I am the first to admit that I don’t see eye to eye with my Grandmother on my Mum’s side, even my other Grandmother and I- although we get on better- only really have quite a superficial relationship. And I think I’ve finally gotten to the bottom of the issue.
It’s freedom. Whilst CUB has a relatively large feminist agenda, and we publish a lot of content which bemoans the lack of equality and the problems that face the modern woman, we often overlook the things that we, as women, have already achieved. My life is full of so many more opportunities than either of my Grandmothers could ever have realised and I take so many of them for granted. So let’s count some of them.
In 1947 there were just over 500,000 women attending university, by 1988 this had risen to over 7 million (in the US), and in 2013 The Times published a survey that showed UK female undergraduates actually outnumber males at elite Universities.
2) Not being married. Yet. Or at all
The decision to legally tie myself to another person has become my decision- it’s not something mandated by society or expected of me (to an extent) before a certain age. Also thanks to recent freedoms I am able to do this to whomever I wish. No matter what genitalia they have.
Something I have celebrated in the 3 years since I moved out and began living on my own. Admittedly, yes, my little flat in Whitechapel is a bit of a hovel and it’s not the nicest neighbourhood. But it’s all mine. And I get to live my own life and just be accountable to myself. Not my parents, or a partner, or the world.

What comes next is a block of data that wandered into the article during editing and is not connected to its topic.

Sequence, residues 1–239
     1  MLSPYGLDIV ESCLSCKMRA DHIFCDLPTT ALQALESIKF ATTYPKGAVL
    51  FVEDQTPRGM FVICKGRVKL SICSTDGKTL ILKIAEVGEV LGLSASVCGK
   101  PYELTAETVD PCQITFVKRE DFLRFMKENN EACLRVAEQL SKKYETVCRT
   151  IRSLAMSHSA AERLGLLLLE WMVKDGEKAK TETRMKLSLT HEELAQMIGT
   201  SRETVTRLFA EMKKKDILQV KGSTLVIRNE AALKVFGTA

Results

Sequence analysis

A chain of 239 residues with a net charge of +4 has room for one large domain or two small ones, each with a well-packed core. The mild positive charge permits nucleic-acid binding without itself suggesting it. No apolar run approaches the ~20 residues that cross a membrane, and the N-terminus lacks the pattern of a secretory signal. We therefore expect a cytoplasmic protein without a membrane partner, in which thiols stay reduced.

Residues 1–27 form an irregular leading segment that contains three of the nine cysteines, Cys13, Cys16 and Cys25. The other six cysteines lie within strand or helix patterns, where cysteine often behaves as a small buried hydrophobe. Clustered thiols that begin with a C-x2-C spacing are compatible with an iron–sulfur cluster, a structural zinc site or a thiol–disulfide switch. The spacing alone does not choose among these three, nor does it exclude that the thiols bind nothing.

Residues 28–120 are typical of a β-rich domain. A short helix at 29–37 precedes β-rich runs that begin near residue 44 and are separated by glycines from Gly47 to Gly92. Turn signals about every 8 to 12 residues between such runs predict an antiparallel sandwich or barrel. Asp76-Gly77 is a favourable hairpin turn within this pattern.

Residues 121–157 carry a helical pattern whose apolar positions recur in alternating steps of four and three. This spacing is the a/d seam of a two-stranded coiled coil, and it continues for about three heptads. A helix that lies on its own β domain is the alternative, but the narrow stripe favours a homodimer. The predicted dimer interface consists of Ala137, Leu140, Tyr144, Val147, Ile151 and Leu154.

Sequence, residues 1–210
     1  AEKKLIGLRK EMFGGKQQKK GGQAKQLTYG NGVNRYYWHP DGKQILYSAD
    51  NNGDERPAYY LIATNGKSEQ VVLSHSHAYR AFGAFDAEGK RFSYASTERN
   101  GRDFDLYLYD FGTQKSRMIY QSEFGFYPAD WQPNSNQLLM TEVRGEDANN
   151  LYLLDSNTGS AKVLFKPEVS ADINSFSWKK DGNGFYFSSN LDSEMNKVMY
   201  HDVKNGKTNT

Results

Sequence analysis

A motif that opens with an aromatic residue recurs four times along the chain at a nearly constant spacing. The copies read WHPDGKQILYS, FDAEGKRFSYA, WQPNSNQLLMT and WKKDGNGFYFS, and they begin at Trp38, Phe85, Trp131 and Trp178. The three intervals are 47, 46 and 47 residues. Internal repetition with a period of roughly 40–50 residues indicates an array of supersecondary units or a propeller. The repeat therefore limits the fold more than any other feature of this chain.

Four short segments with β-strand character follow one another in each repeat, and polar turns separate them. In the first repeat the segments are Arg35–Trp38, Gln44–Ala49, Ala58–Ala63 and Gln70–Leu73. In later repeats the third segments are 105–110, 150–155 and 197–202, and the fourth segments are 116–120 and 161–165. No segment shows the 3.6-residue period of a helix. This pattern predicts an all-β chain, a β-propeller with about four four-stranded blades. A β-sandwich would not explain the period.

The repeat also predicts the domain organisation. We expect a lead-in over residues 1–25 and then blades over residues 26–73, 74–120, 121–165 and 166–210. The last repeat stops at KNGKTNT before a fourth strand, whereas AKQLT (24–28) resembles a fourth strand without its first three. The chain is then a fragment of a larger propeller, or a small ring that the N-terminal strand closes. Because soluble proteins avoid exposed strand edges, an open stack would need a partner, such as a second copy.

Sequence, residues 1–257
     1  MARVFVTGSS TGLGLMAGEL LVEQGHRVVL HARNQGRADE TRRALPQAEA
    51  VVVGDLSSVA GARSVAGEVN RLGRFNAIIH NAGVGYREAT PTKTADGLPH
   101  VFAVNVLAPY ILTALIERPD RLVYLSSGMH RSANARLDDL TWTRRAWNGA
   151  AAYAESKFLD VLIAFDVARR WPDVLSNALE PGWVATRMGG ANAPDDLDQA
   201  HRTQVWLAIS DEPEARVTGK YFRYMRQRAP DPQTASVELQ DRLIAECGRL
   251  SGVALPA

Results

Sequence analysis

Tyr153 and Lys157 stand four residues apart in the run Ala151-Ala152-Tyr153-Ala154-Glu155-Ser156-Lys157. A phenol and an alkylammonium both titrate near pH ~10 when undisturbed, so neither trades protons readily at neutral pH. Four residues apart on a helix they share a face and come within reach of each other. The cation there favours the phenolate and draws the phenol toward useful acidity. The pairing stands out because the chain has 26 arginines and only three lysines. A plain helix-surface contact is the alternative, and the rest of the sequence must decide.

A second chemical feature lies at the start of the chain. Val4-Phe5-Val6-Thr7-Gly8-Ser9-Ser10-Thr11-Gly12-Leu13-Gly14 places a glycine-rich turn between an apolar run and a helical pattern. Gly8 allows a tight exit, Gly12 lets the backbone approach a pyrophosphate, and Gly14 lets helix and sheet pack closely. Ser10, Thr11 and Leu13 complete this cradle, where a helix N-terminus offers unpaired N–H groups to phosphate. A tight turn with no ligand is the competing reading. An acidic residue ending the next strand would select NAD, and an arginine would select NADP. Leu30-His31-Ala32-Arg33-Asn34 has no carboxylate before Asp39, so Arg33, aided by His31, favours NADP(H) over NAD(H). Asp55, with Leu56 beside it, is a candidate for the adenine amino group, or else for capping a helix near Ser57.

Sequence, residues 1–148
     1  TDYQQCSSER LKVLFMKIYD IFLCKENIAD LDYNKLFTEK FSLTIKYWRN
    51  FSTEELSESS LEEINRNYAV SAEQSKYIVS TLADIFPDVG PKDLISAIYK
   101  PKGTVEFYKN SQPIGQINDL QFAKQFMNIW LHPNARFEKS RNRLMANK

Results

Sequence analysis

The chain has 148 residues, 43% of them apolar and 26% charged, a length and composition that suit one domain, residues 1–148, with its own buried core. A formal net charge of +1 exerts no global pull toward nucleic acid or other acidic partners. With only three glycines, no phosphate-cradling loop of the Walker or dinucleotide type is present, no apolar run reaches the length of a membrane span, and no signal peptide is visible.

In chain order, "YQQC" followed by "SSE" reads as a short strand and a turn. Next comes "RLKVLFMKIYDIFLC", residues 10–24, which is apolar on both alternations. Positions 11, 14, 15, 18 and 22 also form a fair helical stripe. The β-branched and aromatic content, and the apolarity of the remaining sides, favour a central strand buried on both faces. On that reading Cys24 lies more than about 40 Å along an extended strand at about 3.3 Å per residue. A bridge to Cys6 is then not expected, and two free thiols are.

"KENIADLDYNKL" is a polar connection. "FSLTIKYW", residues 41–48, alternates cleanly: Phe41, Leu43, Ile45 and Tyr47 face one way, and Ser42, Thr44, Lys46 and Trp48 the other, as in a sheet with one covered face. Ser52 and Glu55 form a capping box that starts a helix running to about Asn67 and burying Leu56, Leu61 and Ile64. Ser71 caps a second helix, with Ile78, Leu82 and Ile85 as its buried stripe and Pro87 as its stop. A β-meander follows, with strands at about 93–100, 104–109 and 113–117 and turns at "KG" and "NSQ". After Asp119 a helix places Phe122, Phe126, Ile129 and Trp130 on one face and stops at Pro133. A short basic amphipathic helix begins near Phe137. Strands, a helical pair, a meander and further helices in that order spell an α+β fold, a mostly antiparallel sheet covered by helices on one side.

Like #2 the decision is mine whether or not I have children, and how I have them and when I have them. The taboo about using contraception has been long lifted and there are so many options for modern women that it’s really inexcusable for anyone in the Western world to claim they don’t have access or a choice. Pulling out is not a contraceptive, ladies. Think on.
I don’t have to just be a receptionist. Or a nurse. Or a teacher. Whilst the pay gap still exists, and there are fewer high ranking opportunities for women than there are for men. The chances are still out there, and I get to determine whether I take them.
I can have as much, or as little, of it as I want. And bonus, it doesn’t have to be with someone I’m legally contracted to love.
I can find out who played that guy in that film in seconds. I can look at what some girl I went to school with had for dinner last week. And then I can instant message or email her in seconds and have a conversation from miles away instantaneously. Keep your time machine.
I guess because of a lot of the freedoms I’ve already listed, it leaves me with a lot of free time to do the things that I actually want to do. There isn’t an expectation that dinner will be on the table at 5pm when my husband gets home, or that my children have to be in bed by 7pm. So if I want to stay in the library until 8, typing angrily or making notes- I can. Or if I want to spend the day watching an entire series of a TV show, or badly made chick flicks that all have the same plot, I can do that too. When you take the necessities like eating and sleeping out of the way, there are about 15 hours a day that I get to dictate entirely what I do. Some of which have been decided in advance, with part time jobs, University and other commitments but when it comes down to it- I am the only one who is choosing what happens in my life. And that’s an amazing privilege.